ARTicle Magazine

This reading life: Ian Tregillis

29 November 2017

American author Ian Tregillis has written two speculative history trilogies: Milkweed Triptych and the Alchemy Wars. He also holds a PhD in physics, and will be part of the Festival's 2018 Writers and Readers line-up in Wellington in March.

Ian

Find out more about Ian at his rather intriguing website.

The first book to capture my imagination was ...

The Tower Treasure, a Hardy Boys mystery story.  My father, who was an extremely avid reader, gave it to me as a gift when I was probably five or six. He'd inscribed it: “May this open the world of books to you.” The gift – and just as much as the book, the inscription – did exactly that. 

The Tower Treasure

The books and/or other writing that saw me through childhood were ...

Not surprisingly, Hardy Boys adventures were my first “get away” reading.  But the books I read over and over again until they fell apart (and kept reading after that) were trivia books.  Just last year I found one tucked away in a corner of the basement: it had a blue cover emblazoned with Know Power! in garish yellow letters. Each page contained a short description or summary of something interesting: a part of the human body, or outer space, or weather ... even strange mysteries like the treasure of Oak Island. I practically had this book memorised at one point, and I sometimes wonder if most of what I know today doesn't come from that book and others like it.

The character in a book I most wanted to be as a child was ...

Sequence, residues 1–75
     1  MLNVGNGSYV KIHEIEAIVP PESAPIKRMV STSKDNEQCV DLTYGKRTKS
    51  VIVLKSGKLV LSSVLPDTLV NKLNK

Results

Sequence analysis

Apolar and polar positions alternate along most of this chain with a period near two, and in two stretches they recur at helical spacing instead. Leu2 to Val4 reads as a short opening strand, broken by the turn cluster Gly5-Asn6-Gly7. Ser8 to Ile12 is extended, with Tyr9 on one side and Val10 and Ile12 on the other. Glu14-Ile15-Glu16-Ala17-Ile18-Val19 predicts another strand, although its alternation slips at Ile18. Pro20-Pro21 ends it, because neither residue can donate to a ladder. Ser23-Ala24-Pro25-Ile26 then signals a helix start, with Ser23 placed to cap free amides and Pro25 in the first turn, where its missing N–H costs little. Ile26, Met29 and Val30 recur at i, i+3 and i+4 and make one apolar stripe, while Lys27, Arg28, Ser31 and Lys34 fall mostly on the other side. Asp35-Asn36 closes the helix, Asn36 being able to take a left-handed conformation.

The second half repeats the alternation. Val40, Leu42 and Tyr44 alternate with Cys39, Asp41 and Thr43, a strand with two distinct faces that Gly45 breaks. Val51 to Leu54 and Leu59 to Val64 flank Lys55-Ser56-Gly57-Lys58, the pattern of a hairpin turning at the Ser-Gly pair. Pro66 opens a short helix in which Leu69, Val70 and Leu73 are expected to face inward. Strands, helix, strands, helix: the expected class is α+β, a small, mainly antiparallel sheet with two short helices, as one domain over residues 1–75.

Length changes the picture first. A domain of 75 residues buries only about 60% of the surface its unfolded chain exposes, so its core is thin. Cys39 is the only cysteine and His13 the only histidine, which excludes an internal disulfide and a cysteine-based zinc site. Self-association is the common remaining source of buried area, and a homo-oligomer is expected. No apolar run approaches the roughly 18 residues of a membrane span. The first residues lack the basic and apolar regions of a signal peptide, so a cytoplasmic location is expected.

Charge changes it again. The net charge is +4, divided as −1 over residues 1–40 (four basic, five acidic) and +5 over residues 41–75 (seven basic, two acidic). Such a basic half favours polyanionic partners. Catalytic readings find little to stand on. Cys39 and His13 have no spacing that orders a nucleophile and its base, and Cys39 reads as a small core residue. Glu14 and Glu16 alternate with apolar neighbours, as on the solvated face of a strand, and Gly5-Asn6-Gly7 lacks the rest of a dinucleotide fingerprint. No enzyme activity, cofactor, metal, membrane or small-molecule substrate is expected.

Strangely, I can't recall ever wishing to be a character in a book. That's a little surprising to me, given how much of my childhood was spent reading.

The book I studied at school that has stayed with me most is ...

Jerzy Kosiński's Being There. As a teenager in high school, I found it “deep”. But now, in middle age, I find my thoughts returning to it again and again. It's an insightful novel and, perhaps tragically, prescient.

Being There

The author I am most likely to binge-read is ...

Terry Pratchett. For decades, I deliberately stayed a book or two behind the current Discworld novel, so that I'd always have something to look forward to.  It seemed the series would never end, and that was so wonderful. Now, of course, it has, but I'm still keeping a few unread Discworld books on the shelf ... Perhaps I'll read them someday. But until I do, the series hasn't really ended. More recently, I discovered the astonishing prose of Raymond Chandler, and devoured the Philip Marlowe novels in short order. (Sadly, there are far fewer of these than Discworld novels.)

“For decades, I deliberately stayed a book or two behind the current Discworld novel, so that I’d always have something to look forward to”